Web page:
There is an overlap of clinical features of papulosquamous disorders, which often makes clinical diagnosis difficult. There is an overlapping of some histological features as well although some features might be characteristic for each disease.[28]

This study showed that certain biophysical and ultrasonographic properties of the skin can be used as a noninvasive approach in the differentiation of five inflammatory papulosquamous diseases: chronic eczema, psoriasis, parapsoriasis/mycosis fungoides, lichen planus and pityriasis rosea.

The change in R0 provided the highest diagnostic yield in differentiating all five diseases. However, the differentiation ability improved when skin parameters were combined and gave an accuracy of 67%. Hydration of stratum corneum was the first predictive parameter followed by the epidermal thickness and skin pH which helped to differentiate psoriasis from chronic eczema. On the other hand, higher melanin content was in favor of lichen planus, whereas R0 and erythema values helped to differentiate chronic eczema, parapsoriasis/mycosis fungoides and pityriasis rosea.

As stratum corneum hydration is an important marker of the epidermal barrier function, it is reasonable to be considered as the first step of the differentiation criteria. Lower stratum corneum hydration compared to the unaffected adjacent and symmetric skin area was in favor of diagnosis of chronic eczema and psoriasis.[29] This is in agreement with previous studies in which the decrease of stratum corneum hydration in dermatitis and psoriasis were reported.[30],[31]

The next differentiating feature between chronic eczema and psoriasis was epidermal thickness which was significantly thicker in psoriasis. This is consistent with histological findings in which psoriasis has markedly more epidermal hyperproliferation than atopic dermatitis.[32]

An increase in skin pH has been reported in both eczema and psoriasis lesions.[33],[34],[35] We found that psoriatic skin is more alkaline than chronic eczema. High pH is frequently associated with high transepidermal water loss which itself is associated with low hydration.[36] The higher skin pH in psoriatic lesions in comparison to chronic eczema lesions could be attributed to less stratum corneum hydration in psoriatic lesions because of more epidermal hyperproliferation.[32]

The other branch of decision tree distinguishes lichen planus from other diseases by the amount of melanin increase. We observed that more than 60% increase in skin melanin content is in favor of lichen planus. Post-inflammatory hyperpigmentation due to damage to basal layer cells is a characteristic clinical feature of lichen planus, and melanin increase is a diagnostic feature for lichen planus.[37]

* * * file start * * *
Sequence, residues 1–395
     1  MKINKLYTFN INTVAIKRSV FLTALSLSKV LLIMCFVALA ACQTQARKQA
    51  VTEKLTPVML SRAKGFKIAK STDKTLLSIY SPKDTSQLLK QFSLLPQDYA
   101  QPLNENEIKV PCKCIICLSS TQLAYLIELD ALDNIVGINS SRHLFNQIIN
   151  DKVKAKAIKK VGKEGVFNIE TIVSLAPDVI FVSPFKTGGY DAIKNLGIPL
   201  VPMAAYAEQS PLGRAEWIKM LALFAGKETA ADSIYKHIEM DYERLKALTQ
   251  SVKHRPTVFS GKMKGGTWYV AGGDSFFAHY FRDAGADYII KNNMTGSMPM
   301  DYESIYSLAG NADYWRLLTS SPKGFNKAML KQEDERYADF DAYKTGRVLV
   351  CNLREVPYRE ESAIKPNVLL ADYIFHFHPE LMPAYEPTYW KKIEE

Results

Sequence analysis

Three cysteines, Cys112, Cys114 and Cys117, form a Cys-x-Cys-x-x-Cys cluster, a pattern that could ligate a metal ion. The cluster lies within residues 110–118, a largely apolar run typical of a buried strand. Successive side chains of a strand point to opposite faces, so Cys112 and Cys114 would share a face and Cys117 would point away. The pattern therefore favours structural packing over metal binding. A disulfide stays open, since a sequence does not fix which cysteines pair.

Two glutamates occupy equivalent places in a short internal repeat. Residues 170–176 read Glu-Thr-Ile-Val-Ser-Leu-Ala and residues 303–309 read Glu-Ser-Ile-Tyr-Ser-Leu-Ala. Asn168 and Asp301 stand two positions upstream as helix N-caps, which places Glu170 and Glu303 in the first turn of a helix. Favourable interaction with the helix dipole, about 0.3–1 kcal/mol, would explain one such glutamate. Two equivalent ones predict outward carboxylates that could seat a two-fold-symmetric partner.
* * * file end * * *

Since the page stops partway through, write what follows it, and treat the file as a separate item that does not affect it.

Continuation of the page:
The next distinguishing characteristic in the decision tree is R0 (reciprocal of firmness), and a decrease of more than 50.2% was in favor of the diagnosis of chronic eczema. This finding is justifiable as superficial firmness of the skin mainly correlates with the stratum corneum hydration[38] and this decreases significantly in dermatitis lesions.[39] Moreover, fibrosis of the papillary dermis was reported to be one of the best features of chronic dermatitis using an ensemble of classifiers for the diagnosis of erythemato-squamous diseases.[40] This finding is in accordance with this branch of the decision tree that shows more skin firmness to be in favor of chronic eczema given that fibrosis increases skin firmness.

In the last branch of the decision tree, the amount of increase in skin erythema was decisive to differentiate parapsoriasis/mycosis fungoides from pityriasis rosea. Clinically, the lesions of pityriasis rosea tend to be more erythematous, while the erythema in parapsoriasis/mycosis fungoides is faint. Red blood cell extravasation is a histological feature of pityriasis rosea.[41]

Based on the results of the confusion matrix, the most possible difficulty was found when trying to differentiate between pityriasis rosea and parapsoriasis/mycosis fungoides as many of the histological features also overlap.[33]

In our decision tree model, there was no confusion between chronic eczema and pityriasis rosea, psoriasis and pityriasis rosea, lichen planus and pityriasis rosea, psoriasis and lichen planus. Non-invasive measurement of skin properties may be particularly useful in the differentiation of these diseases.